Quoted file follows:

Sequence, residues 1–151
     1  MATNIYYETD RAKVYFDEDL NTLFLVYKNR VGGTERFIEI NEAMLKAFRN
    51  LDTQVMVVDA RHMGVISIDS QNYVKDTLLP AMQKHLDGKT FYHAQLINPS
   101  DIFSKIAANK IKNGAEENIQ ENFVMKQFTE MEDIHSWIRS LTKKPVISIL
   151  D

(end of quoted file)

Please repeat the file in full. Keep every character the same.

Sequence, residues 1–151
     1  MATNIYYETD RAKVYFDEDL NTLFLVYKNR VGGTERFIEI NEAMLKAFRN
    51  LDTQVMVVDA RHMGVISIDS QNYVKDTLLP AMQKHLDGKT FYHAQLINPS
   101  DIFSKIAANK IKNGAEENIQ ENFVMKQFTE MEDIHSWIRS LTKKPVISIL
   151  D